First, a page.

Trump rolls back some, not all, changes in US-Cuba relations

Posted June 19, 2017

A street sweeper cleans the sidewalk under a mural painting depicting U.S. President Donald Trump, in Havana, Cuba, Friday, June 16, 2017.

"It's hard to think of a policy that makes less sense than the prior administration's awful and misguided deal", said Trump.

And deciding to unveil the policy in Miami suggests it will please the hardline Cuban exiles whose support Trump considered significant to winning Florida, and the presidency.

Sen. John Boozman, R-Ark., said Trump's policy moves the US backward.

Trump, in his speech at the Manuel Artime Theater near downtown Miami, announced that he was reversing those policies.

But, facing pressure from USA business and some of his fellow Republicans to avoid turning back the clock completely in relations with communist-ruled Cuba, he also will leave intact many of Obama's steps toward normalization. And, of course, nothing prevents the Cuban government from simply moving revenue over to the military or state security, a vulnerability in the policy that the White House has not addressed.

In his speech, Trump was quick to single out Cuba's human rights record under the "brutal" Castro regime of "oppressive" communism.

But "personally, part of what makes it hard [to accept] is that we were six years into the administration and spent a year and a half of exhaustive negotiations before announcing" the Cuba opening, said Rhodes, who coincidentally spoke at a Cuban entrepreneurship event in Miami on Monday. "Officially, today, they are rejected".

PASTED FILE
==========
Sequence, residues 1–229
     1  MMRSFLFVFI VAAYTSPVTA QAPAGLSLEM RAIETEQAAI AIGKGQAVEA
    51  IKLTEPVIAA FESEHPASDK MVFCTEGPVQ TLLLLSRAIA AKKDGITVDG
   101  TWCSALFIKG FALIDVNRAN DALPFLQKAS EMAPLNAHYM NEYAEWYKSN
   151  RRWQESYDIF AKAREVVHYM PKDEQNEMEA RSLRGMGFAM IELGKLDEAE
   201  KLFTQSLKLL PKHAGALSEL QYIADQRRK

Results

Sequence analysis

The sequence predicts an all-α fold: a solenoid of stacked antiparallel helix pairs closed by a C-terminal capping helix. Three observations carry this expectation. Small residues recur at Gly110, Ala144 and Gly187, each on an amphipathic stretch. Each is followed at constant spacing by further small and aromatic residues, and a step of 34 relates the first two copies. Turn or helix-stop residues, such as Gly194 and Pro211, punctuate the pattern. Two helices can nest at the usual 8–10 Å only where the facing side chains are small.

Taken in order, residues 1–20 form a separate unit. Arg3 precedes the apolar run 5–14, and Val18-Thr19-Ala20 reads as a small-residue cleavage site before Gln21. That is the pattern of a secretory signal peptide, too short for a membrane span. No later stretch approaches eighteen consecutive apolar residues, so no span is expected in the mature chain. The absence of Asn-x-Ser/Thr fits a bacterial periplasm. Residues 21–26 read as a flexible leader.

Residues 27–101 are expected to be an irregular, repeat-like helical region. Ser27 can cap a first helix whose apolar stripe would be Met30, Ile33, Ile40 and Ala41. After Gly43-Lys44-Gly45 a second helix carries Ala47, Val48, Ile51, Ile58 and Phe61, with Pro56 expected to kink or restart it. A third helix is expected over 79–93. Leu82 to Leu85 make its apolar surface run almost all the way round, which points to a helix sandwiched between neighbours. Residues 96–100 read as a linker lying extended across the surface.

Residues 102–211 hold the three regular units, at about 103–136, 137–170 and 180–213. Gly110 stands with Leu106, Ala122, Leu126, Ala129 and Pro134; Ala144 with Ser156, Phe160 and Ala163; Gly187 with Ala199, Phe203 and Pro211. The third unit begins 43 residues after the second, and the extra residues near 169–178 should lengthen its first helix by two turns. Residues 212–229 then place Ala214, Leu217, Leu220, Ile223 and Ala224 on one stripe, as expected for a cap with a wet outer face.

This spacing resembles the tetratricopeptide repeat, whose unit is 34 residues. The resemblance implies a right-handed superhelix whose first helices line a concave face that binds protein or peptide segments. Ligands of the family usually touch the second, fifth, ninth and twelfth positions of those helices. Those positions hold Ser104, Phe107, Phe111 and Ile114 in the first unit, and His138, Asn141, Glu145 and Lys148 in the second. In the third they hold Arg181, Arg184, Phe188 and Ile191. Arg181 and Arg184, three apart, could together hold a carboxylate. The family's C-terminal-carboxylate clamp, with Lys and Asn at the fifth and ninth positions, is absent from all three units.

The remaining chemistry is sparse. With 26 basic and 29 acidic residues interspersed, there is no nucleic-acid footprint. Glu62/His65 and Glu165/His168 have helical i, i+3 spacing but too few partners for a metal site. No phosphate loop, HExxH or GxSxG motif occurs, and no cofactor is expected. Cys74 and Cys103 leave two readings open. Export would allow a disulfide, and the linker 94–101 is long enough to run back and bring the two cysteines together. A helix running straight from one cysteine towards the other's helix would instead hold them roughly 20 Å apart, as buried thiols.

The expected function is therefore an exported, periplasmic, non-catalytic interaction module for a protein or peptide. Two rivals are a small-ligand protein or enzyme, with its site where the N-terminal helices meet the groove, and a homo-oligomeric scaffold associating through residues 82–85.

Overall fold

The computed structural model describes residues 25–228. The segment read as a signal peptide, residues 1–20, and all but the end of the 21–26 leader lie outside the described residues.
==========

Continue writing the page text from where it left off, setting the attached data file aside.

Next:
Speaking earlier in Miami, Florida, Mr Trump said he was reimposing certain travel and trade restrictions eased by the Obama administration, condemning a "completely one-sided deal".

In practice, however, many recent changes to boost ties to Cuba will stay as they are.

However, despite the rhetoric, the order appears to be less far-reaching than the President claimed, for example, the embassies that opened in Havana and Washington will be maintained, Cuban Americans will be allowed to send money to their families and visit them, and US companies will be allowed to continue commercial transportation, including flights between the two countries.

"If you want Cuba to change and reform, we are doing the opposite of what would be most likely to bring about reforms", said Ben Rhodes, a former Obama aide who helped negotiate rapprochement.

"The last two years have shown that the two countries can cooperate and co-exist in a civilised way", it said.

But the directive leaves open embassies in Washington and Havana, and cruises and direct flights between the United States and Cuba will be protected under an exception from the prohibition on transactions with military-controlled entities. The Cuban News Agency said Trump took "a step backward" in ties with Cuba, by adopting a "unilateral" and "interventionist" stance.

The current Cuban sanctions regulations permit individuals to independently visit Cuba under the people-to-people travel authorization within the educational travel general license, without traveling as part of a group. The move shuts down what amounted to a backdoor way to allow American tourism in Cuba, despite the decades-old embargo that prohibits it.